Monday, August 27, 2018

On Real Names

Last week, Kelly Marie Tran had an essay published in the New York Times about the harassment she experienced online for not being white. It's good. If you haven't read it, I suggest doing so do.

That is not the point of this post though. What I want to talk about is how she chooses to end her essay with the words: "My real name is Loan."

While Tran is Vietnamese rather than Chinese, it is common for people in several Asian ethnic groups to have multiple names; an eastern one in their ancestral language and a western one. Growing up, I called the latter my American name.

In my case, my American one is my legal one and the Chinese one unofficial.

For some of my friends, it's the reverse. Their Chinese (or Korean) name is the legal one and they use their American names in day-to-day conversation.

Generally, speaking, the American names are for ease of use. It really sucks repeating your name a half dozen times and listening to someone constantly butcher it as they make a valiant attempt to get it right. To me, both my names are real, regardless of which is the one that appears on a legal document.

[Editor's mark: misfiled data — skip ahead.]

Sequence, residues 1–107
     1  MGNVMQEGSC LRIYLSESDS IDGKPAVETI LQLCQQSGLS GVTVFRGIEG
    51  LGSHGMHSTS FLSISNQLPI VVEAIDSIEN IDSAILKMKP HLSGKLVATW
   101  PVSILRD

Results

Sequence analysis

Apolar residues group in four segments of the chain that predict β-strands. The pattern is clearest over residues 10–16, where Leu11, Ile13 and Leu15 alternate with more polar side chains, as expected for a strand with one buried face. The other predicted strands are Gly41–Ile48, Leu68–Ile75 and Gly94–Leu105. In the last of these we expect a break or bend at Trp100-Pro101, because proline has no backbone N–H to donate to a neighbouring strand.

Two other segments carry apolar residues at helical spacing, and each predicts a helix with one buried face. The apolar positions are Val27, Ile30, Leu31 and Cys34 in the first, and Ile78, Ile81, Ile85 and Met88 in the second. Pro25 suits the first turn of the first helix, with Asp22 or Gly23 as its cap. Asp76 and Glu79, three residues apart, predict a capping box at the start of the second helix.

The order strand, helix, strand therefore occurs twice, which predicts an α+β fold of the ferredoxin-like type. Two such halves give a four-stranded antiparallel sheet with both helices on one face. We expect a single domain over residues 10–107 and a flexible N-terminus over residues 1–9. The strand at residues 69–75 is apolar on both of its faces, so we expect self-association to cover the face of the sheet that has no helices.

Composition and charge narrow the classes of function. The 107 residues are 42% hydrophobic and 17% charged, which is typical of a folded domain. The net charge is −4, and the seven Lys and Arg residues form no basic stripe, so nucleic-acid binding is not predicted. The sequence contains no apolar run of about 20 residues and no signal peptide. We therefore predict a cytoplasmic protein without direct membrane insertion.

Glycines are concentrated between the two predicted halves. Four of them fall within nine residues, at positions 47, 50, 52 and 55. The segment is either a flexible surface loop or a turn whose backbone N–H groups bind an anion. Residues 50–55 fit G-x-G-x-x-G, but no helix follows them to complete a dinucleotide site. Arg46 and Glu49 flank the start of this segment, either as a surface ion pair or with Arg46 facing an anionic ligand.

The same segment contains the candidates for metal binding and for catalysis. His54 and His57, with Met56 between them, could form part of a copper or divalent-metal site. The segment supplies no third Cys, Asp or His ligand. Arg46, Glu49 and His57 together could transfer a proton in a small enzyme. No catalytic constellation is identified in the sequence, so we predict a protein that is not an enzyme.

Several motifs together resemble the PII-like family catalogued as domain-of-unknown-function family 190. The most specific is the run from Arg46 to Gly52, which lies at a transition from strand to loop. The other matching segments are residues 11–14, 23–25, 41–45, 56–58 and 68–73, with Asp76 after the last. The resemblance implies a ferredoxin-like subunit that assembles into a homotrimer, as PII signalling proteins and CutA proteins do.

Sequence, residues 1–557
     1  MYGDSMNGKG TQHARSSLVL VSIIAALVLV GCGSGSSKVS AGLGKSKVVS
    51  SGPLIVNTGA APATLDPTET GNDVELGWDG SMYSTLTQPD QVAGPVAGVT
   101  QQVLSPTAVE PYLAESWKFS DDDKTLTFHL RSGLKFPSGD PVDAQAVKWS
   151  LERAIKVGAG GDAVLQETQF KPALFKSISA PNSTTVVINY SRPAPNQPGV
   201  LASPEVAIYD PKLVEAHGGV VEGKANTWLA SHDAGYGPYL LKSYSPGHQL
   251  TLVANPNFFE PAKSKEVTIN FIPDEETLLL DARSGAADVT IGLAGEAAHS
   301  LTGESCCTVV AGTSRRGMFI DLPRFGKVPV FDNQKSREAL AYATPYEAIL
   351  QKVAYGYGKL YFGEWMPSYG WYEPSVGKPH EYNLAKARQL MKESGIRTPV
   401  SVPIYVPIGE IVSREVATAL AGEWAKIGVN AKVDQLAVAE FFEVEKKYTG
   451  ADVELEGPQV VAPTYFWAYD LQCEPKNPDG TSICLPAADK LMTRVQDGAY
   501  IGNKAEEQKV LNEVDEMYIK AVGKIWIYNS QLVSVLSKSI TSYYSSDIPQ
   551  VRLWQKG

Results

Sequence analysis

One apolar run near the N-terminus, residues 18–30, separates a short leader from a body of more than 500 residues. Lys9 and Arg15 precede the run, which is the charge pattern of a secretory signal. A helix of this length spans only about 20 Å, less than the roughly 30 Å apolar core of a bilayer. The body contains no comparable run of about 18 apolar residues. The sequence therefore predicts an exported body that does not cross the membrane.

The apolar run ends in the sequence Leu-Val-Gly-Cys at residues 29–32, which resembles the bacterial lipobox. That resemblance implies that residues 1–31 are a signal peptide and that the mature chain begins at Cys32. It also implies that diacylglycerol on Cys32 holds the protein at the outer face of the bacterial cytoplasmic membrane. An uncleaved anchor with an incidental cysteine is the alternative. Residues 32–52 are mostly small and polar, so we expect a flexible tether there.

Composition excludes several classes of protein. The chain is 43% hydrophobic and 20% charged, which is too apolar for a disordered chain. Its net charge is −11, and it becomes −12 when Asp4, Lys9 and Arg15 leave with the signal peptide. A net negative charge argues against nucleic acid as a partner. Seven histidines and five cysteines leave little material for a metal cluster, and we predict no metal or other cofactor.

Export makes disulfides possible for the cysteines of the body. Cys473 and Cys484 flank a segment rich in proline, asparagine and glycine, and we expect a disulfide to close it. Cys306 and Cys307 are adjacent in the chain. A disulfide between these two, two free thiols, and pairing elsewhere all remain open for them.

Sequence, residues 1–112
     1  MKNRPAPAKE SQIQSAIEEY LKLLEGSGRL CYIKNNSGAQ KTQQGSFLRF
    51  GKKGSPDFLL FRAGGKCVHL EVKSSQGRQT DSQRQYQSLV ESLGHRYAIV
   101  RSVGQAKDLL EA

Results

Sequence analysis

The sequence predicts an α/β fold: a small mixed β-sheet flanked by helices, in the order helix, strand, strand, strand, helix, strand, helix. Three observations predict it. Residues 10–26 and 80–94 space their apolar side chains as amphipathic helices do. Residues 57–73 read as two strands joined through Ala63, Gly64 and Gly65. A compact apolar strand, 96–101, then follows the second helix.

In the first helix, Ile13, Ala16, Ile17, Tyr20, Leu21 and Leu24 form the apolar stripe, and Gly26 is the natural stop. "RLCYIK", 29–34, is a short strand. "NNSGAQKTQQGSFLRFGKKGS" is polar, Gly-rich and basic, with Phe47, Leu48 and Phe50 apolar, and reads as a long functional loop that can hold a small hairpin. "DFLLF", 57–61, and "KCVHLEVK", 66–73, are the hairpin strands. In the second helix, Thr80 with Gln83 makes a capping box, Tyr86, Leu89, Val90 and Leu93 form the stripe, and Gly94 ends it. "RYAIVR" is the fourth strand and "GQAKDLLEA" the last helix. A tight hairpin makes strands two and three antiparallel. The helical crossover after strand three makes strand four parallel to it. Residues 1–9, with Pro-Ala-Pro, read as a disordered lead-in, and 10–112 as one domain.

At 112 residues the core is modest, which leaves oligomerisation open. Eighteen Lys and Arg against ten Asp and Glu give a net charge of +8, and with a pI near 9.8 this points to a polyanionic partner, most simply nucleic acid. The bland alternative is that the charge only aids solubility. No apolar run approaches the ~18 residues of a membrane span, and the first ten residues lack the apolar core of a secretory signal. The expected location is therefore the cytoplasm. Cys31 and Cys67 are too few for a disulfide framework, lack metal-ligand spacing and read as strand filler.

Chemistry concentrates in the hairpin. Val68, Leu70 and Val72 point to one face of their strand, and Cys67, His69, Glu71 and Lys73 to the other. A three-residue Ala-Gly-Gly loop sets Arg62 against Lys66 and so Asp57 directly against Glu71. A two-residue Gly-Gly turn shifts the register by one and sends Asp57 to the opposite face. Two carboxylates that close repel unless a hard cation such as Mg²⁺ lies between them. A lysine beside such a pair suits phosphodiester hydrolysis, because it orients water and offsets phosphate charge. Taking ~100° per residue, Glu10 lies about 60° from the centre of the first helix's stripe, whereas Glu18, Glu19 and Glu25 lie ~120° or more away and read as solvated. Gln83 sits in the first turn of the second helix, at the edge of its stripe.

A conversation came up on Twitter between Asian American writers about "real names" and what made a name real and how the term might not have sat well with them, because like me they have multiple real names, and it's not as though one of them is more real than the other.

But in Tran's case, without knowing her personally, I feel like the use of "real name" here is that if she had the choice, she might have wanted to be credited as Loan Tran, rather than Kelly Marie. But having an Asian name hurts more than it helps in Hollywood. Chloe Bennet is half-Chinese, half-white, and acts under a white-passing name because she could not get work under her legal name of Chloe Wang. For Tran, even if she used Kelly Marie regularly in day to day life, there probably wasn't much choice about whether she wanted to use it professionally.

I've written before about how hard it is for Asians to get entertainment work in the US. Many times they have to make a go of it in their ancestral country, and maybe if they get popular enough there, they can transition to doing work in English (like Daniel Wu). But that's not an option for everyone.

By saying that her real name is Loan, Tran wanted us to know that there was a part of her she felt she had to hide, and because of that she couldn't fully be herself. But she can now, and I hope she will. I want to see her in more films in the future.